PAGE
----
Development of a tool box for mesenchymal stem cell secretome analysis
© Kasper et al. 2015
Published: 14 December 2015
The development of optimized cultivation strategies for mesenchymal stem cells (MSC) is one major field in the area of tissue engineering and cell based therapies. The physiological tissue niche of stem cells is characterized by a complex set of structural, physical and chemical cues, which create a complex three-dimensional dynamic microenvironment. Mimicking these conditions in vitro is a promising strategy for expansion and differentiation of MSC. This also includes the application of physiological oxygen concentrations (e.g. 3-8 % for most tissues).Multiple cell biological effects of varying oxygen supply have been reported . However, a lot of current research work is dedicated to the analysis of selected biomarkers and distinct signaling pathways, which carries the risk of overlooking unexpected biological effects. A more systemic approach involves the investigation of the entirety of proteins secreted by the cells - the secretome. However, secretome analysis is very challenging for most current cell cultures, because serum or other undefined protein-rich medium supplements are commonly used and create a strong background of high-abundance proteins in the samples. In order to exploit the potential of secretome analysis for MSC cultures a methodological toolbox was developed that provides access to the rather low abundant secretome in serum containing media.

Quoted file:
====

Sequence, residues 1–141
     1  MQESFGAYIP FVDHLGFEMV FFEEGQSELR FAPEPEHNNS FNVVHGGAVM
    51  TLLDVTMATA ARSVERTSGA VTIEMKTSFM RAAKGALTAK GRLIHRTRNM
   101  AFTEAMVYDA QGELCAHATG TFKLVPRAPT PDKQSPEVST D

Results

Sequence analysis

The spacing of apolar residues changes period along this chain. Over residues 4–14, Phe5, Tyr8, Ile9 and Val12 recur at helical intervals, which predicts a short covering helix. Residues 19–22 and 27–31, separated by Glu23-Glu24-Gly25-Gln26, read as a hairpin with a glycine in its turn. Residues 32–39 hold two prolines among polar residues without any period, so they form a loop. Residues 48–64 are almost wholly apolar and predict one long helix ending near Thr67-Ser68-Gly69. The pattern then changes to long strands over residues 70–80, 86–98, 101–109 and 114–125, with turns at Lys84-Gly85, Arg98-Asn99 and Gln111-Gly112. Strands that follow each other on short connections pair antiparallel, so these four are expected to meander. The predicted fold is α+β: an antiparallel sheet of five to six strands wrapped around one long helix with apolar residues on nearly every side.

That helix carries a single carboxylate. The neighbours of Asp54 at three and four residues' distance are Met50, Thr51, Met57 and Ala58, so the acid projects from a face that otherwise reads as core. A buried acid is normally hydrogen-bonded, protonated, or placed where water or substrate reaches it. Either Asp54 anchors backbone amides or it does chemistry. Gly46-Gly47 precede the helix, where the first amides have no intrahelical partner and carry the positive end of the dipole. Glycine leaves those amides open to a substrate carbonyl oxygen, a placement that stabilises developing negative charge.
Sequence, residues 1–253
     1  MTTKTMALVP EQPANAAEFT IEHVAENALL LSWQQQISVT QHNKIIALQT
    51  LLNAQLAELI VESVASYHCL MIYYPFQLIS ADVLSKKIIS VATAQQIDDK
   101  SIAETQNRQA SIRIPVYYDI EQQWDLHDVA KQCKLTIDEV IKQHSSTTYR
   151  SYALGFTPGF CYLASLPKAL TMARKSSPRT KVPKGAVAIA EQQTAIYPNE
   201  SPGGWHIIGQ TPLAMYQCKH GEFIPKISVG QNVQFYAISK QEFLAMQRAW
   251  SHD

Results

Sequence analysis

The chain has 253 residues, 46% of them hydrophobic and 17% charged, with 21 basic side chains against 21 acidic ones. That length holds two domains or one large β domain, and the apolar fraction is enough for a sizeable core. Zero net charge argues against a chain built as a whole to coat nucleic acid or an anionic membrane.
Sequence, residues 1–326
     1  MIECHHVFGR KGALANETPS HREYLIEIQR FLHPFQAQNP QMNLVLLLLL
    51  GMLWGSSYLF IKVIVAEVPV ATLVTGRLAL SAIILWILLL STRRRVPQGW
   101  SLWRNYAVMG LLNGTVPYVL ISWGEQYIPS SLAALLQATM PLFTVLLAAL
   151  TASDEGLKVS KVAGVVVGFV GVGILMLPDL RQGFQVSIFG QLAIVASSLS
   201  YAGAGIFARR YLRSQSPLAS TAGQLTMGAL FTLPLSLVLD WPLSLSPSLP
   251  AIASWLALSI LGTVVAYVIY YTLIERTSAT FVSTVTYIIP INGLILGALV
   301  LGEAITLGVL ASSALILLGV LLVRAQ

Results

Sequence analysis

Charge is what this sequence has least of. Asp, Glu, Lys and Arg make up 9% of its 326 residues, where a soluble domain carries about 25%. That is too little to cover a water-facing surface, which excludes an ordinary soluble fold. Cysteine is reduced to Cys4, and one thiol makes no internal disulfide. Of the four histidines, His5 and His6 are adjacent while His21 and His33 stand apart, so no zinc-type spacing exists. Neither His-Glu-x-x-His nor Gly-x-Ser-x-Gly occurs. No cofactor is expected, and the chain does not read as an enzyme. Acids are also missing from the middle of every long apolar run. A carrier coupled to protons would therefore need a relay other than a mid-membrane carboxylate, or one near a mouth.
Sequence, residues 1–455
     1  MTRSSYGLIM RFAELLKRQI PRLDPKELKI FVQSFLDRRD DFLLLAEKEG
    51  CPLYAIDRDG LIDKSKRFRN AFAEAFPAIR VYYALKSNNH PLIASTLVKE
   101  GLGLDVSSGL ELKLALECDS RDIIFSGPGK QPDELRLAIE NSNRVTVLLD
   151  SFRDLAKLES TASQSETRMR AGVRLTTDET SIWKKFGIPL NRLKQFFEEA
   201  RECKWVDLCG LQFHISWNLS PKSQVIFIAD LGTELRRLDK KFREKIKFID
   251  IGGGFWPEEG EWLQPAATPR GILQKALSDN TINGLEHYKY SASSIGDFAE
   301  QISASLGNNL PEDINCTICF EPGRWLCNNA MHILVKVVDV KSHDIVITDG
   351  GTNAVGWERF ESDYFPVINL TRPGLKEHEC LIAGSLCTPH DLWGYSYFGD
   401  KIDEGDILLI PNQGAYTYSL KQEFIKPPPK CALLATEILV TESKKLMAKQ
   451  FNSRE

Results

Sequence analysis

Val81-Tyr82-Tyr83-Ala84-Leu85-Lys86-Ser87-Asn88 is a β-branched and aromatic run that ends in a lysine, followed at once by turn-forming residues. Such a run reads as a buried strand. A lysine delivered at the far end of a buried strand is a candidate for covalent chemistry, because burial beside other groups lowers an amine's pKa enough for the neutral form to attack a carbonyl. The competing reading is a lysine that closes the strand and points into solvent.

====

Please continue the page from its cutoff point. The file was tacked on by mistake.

MSC derived from adipose tissue were cultivated under hypoxic (5% O2 ) and normoxic (21% O2) conditions in αMEM medium supplemented with 10% human serum. Cell culture supernatants were collected after 4 days incubation on a confluent cell layer, corresponding to approximately 700 000 cells/ml. During sample preparation proteins were precipitated with trichloroaceticacid / acetone (v:v1:8) dissolved in IPG-buffer (7M Urea, 2MThiourea, 2% CHAPS) and protein concentration was determined by Bradford assay. Reproducibility of sample preparation was tested by repeated preparation of 2D gels. Furthermore, we compared two depletion methods (top 12 depletion columns, Pierce and combinatorial hexapeptide library, BioRad) for reduction of high abundant proteins to find a well reproducible strategy that allows analysis of the lower abundant secreted proteins. The proteomics approach was applied to characterize the MSC secretome after removal of high abundance proteins by affinity enrichment and depletion.
Serum containing cell culture supernatants could be reproducibly plotted on 2D gels but removal of high abundant proteins was required for the intended secretome analysis. Both tested methods efficiently reduced high abundance serum proteins giving access to the interesting secretome of MSC. Future work will focus on DIGE analysis to point out proteome differences between the normoxic and hypoxic secretome of MSC and differently expressed proteins will be identified by mass spectrometry.
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